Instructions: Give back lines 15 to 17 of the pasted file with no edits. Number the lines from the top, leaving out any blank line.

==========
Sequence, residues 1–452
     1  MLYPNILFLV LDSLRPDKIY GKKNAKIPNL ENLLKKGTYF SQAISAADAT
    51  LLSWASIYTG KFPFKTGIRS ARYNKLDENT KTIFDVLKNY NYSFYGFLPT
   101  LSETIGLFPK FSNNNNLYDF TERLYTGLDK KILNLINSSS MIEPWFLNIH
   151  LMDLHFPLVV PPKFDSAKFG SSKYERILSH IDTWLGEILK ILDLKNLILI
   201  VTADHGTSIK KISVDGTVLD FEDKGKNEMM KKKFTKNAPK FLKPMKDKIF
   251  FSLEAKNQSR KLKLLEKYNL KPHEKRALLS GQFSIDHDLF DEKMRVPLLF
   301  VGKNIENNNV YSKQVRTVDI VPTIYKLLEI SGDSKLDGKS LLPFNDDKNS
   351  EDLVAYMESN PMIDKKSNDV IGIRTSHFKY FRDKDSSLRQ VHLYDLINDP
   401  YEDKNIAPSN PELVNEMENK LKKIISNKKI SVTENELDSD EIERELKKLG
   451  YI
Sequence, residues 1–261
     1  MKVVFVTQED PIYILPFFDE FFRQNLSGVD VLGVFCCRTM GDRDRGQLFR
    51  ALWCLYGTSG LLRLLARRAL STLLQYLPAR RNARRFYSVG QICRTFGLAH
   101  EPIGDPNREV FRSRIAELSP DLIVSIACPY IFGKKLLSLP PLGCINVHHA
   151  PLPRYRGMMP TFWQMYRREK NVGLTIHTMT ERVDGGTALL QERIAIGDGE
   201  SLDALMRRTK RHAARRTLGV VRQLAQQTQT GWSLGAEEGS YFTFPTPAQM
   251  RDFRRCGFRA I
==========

   101  EPIGDPNREV FRSRIAELSP DLIVSIACPY IFGKKLLSLP PLGCINVHHA
   151  PLPRYRGMMP TFWQMYRREK NVGLTIHTMT ERVDGGTALL QERIAIGDGE
   201  SLDALMRRTK RHAARRTLGV VRQLAQQTQT GWSLGAEEGS YFTFPTPAQM